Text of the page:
Some Republicans open to banning "bump stocks" after Las Vegas shooting

Violet Powell
October 7, 2017

President Donald Trump, with first lady Melania Trump, meets at the Las Vegas Metropolitan Police Department with first responders to the mass shooting in Las Vegas, Nevada, U.S., October 4, 2017.

Senior congressional Republicans say they are open to considering legislation banning "bump stocks" like the shooter in Las Vegas apparently used to make semi-automatic rifles perform more like fully automatic weapons.

Speaking to Sean Hannity from his hospital bed, Gunderson was adamant he could tell the president truly cared.

"We're not gonna talk about that today", he calmly replied.

"We'll talk about that on a later date", he said.

Trump has been an outspoken ally to the gun lobby both as a candidate and president.

He praised the medical staff who had worked to save the victims as "some of the most fantastic people", adding they did an "indescribable" job.

United States labour market hit by hurricanes in September
Still, the government said that figure was artificially inflated by the loss of so many lower-paid workers in hurricane-hit areas. The job losses were so substantial that it caused the number of jobs across the entire US economy to shrink by 33,000 last month.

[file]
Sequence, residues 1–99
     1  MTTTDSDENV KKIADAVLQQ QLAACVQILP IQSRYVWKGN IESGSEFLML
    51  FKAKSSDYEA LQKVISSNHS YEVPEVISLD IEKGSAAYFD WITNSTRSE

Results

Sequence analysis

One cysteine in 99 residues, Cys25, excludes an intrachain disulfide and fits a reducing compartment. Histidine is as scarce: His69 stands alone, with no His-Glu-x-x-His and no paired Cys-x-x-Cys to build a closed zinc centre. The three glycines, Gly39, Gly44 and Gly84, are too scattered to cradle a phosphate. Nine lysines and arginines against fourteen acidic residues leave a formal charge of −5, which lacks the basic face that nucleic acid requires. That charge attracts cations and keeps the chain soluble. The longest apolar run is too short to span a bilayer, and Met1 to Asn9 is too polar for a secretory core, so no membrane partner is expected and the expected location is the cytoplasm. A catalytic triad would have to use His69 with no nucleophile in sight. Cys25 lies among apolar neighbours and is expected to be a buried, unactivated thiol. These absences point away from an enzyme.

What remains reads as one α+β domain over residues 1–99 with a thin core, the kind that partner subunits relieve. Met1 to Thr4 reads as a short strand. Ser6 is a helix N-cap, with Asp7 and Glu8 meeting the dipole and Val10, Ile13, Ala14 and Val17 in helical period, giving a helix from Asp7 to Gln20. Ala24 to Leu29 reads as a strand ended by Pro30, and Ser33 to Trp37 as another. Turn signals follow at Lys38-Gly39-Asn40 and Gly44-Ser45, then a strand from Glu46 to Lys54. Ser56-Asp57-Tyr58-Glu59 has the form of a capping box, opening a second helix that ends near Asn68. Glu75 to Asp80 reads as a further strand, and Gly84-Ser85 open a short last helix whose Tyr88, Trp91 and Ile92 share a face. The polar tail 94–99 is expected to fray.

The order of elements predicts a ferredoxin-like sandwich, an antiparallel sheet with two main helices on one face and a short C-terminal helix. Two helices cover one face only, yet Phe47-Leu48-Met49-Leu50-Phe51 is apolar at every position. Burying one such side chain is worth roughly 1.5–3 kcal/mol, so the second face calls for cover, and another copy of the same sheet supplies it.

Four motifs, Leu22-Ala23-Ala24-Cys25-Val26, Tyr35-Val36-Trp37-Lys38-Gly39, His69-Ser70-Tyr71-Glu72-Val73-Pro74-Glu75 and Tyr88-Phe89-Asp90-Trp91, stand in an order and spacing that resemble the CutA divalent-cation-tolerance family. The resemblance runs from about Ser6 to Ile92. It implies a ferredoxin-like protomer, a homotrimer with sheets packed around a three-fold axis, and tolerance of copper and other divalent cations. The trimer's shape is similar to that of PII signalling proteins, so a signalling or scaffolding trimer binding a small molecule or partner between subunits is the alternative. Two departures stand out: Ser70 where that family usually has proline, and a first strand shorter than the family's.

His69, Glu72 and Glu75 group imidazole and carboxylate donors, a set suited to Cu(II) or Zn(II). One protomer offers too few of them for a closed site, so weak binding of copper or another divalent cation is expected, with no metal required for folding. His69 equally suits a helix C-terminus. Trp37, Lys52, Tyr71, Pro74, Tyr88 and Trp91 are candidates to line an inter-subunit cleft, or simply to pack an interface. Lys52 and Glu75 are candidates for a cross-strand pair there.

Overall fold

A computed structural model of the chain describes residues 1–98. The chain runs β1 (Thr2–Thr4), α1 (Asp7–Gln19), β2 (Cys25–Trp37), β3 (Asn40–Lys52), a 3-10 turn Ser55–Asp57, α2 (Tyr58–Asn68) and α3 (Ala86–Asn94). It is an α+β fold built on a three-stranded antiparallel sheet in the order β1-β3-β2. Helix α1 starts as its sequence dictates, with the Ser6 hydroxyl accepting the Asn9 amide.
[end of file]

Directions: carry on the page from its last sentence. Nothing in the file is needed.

"We are with you 100 percent. What happened is, in many ways, a miracle", Trump said.

President Donald Trump and First Lady Melania Trump visited Last Vegas on Wednesday to speak with doctors, law enforcement officers, first responders, and survivors of the deadliest mass shooting in US history. He plans to speak privately with victims of the Sunday night shooting rampage that left at least 59 dead.

Stephen Paddock, a 64-year-old retiree with no criminal record, was identified as the gunman in Sunday night's attack, spraying bullets at an open-air concert from the window of his suite in a high-rise hotel and killing 58 people.

He also passed his own Trump hotel on his way toward the entertainment strip.

The president said police were learning more about Mr. Paddock and his motive, and that more information would be made public soon, according to NBC News. Twelve of the rifles there were fitted with so-called bump stocks, officials said, allowing the guns to be fired as though they were automatic weapons. Instead, he ended up spending an hour and 35 minutes meeting with patients who were well enough to take visitors and who were not having medical procedures done.

Whether he was a fan of Trump's or not before Wednesday, Gunderson certainly is now.

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